Junior Anjali Thontakudi has practiced Kuchipudi, a style of Indian classical dance that originated in the Indian state of Andhra Pradesh, when her parents introduced it to her at an early age.
“They would take me to different temples, let me watch the dance performances there and see how long I was interested in them,” Thontakudi said. “I watched a few of them and they were okay, but when I saw the Kuchipudi dance, I was entranced.”
Kuchipudi differs from other classical Indian dances in that different body movements and expressions are emphasized within it.
“Kuchipudi and Bharatanatyam are both pretty similar [because of] a lot of their feet positions and hand positions,” Thontakudi said. “But Kuchipudi is more about moving the torso with a focus on grace and expression.”
Thontakudi practices every Saturday morning at 8 a.m., but when she has major performances coming up, she has additional practices on weekdays from 8 p.m. to midnight. While she sometimes dislikes the time commitment, she still believes her decision to dance is worth it.
“It helps me forget about any stresses I have or anything I’m worrying about,” Thontakudi said. “When you’re on stage, you feel like a very confident, completely new person.”
Sophomore Divya Suresh started learning Bharatanatyam eight years ago when her mother first enrolled
her in classes at a studio.
“As a kid, [my mother] danced [Bharatanatyam] but then she wasn’t able to keep it up,” Suresh said. “When I was little, she enrolled me in dance classes as well, and as I grew older, I began to like dance more and more.”
Like Kuchipudi and other forms of classical Indian dance, Bharatanatyam has special features that separate it from other styles. The dance originated in the south Indian state of Tamil Nadu and is characterized by a squatting position in which a dancer stands on tiptoes with his or her knees moved apart.
Despite these minor difficulties, Suresh still believes Bharatanatyam is a unique and worthwhile experience.
“It’s totally different compared to other types of dances more popular here in the Bay like jazz, ballet and hip-hop,” Suresh said. “It’s cool to try new things and experience different things.”
In addition to Bharatanatyam, sophomore Divya Suresh also participates in the MVHS Raas team. When she joined freshman year, she did not have any particular reason to join Raas.
“As an eighth grader, I remember talking to [my friend] and she was like, ‘Hey, let’s try out for Raas next year,’” Suresh said. “I actually didn’t know what Raas was until I asked her later on. But it just was one of those decisions. It could have been anything.”
According to Suresh, Raas differs from other contemporary Indian dance styles in its costumes and props.
“Raas uses dandiyas,” Suresh said. “We wear skirts and dress up in blouses, and we do different types of footwork [that have a greater emphasis on the ball of the foot] than other types of dance.”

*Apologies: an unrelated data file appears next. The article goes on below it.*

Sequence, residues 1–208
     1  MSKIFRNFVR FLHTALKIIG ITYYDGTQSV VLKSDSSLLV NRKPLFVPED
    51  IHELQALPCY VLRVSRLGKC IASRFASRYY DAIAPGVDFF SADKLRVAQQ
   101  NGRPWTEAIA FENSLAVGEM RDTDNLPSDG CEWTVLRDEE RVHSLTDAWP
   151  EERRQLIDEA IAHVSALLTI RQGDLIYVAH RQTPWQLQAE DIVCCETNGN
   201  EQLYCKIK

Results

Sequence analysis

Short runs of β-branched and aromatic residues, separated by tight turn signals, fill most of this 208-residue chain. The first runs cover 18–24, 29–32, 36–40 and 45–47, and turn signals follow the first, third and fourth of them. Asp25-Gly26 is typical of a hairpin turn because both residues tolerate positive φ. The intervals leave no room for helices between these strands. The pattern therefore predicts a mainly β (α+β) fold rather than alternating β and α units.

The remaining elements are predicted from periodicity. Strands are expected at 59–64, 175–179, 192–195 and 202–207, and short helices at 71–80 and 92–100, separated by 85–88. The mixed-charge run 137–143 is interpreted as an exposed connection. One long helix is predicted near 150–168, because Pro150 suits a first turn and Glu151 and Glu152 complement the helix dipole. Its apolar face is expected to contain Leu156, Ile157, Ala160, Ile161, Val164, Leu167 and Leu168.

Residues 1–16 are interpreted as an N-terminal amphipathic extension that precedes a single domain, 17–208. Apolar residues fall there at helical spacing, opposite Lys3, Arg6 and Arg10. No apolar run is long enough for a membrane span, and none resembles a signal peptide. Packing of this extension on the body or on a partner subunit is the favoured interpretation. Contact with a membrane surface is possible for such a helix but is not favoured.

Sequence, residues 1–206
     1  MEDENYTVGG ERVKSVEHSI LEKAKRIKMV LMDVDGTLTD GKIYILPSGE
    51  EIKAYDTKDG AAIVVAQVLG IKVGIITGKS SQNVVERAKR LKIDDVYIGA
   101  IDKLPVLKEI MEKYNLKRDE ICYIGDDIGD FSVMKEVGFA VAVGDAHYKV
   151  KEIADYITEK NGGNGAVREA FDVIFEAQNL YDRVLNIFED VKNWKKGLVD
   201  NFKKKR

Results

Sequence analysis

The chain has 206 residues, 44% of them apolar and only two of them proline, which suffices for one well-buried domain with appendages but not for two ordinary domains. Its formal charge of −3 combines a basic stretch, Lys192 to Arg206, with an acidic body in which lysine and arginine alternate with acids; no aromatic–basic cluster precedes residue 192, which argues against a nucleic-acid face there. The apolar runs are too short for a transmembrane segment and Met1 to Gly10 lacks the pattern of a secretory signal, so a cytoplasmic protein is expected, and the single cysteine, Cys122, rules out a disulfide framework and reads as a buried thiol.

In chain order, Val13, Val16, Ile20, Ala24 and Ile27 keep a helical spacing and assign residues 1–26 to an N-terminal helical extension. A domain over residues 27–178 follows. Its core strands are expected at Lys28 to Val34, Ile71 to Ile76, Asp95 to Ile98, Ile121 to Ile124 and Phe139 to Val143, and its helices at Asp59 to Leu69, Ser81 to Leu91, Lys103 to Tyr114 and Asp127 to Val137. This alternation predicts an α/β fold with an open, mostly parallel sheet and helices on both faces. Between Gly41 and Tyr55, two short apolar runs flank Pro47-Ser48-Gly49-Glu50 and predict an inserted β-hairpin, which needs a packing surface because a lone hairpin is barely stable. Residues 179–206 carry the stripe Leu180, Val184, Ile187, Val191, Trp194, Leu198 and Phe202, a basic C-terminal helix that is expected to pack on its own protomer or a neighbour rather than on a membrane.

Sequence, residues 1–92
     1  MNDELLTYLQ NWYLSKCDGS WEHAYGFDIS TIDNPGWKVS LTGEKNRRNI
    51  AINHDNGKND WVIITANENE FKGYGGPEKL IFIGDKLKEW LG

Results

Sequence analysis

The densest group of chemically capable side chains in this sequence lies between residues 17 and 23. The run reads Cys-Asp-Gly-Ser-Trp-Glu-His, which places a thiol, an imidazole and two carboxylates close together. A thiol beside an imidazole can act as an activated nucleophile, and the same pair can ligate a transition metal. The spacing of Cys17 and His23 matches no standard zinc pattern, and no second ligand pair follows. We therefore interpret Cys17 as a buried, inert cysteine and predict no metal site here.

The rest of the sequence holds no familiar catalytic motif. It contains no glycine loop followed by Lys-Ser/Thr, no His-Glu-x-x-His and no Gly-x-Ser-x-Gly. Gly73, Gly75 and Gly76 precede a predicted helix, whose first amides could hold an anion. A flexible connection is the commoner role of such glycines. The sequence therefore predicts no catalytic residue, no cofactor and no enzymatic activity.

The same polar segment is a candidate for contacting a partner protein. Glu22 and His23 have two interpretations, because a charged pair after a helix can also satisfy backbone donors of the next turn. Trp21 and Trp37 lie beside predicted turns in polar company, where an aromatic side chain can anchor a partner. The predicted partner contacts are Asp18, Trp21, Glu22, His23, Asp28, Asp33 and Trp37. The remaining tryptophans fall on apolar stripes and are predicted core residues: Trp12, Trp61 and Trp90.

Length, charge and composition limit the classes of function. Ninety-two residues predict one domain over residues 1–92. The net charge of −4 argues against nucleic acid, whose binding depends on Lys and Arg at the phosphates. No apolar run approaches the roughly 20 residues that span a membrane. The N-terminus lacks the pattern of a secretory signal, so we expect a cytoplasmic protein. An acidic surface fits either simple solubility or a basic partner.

MVHS’ Raas team has practices every Friday after school for two hours, from 3:30 to 5:30. Suresh likes to see how the numerous practices translate into her dancing.
“I like how after how you repetitively practice a piece, it becomes so different,” Suresh said. “It’s cleaned up, your moves are more precise and it looks better when you dance.”
One memory from Andaaz that senior Dhruv Parikh looks back on fondly is when the music cut off during a performance at Cupertino HS his freshman year. Parikh remembers laughing as his team had to start singing the song while dancing to compensate for the lack of music.
“It was really awkward, but it was also really funny and we realized the hard way [to] expect the unexpected,” Parikh said.
From freshman year as an inexperienced dancer to senior year as the co-president of the team, senior Dhruv Parikh has progressed a lot during his time on Andaaz. While he wasn’t much of a dancer entering high school, a family friend who was captain of the team convinced Parikh to attend tryouts and workshops.
Although the team was initially called Bollywood, the name was changed to Andaaz after the team decided to also incorporate hip-hop and fusion with American songs. According to Parikh, Andaaz mainly resembles the Bollywood dancing seen in Indian movies with an upbeat tempo.
In order to encourage a family-like environment, Andaaz regularly holds bonding events and dinners, in addition the celebrWfWating team members’ birthdays.
“It’s not just an Indian team where you just dance during Indian dances,” Parikh said. “It’s also more than just [a team] — it’s like a family.”
Although he had no dancing experience before joining Bhangra, freshman Krish Kumar is very passionate about the family he has found through the recently re-established Bhangra club.
“Bhangra is a unique kind of dance that makes it special for other people to join in because it makes you feel a lot happier and more joyful with others you know and you make a lot of friends,” Kumar said.
According to senior captain Swati Chayapathi, Bhangra had disbanded in 2015 due to not meeting all of the club policy requirements, but has once again become an official MVHS club this year.
Bhangra, being from the northern side of India, is related to Punjabi folk dance. They also use saaps, which are X-shaped stick instruments.
Kumar described one of his favorite moments in Bhangra to be when he performs in front of a crowd and hears their cheers and sees their happy faces. He emphasized that an element that makes Bhangra fun and unique is the family he found in the club.
“When you go into an audition and you make it, then it becomes a family to you because they’re always with you and you can act always normal with them,” Kumar said.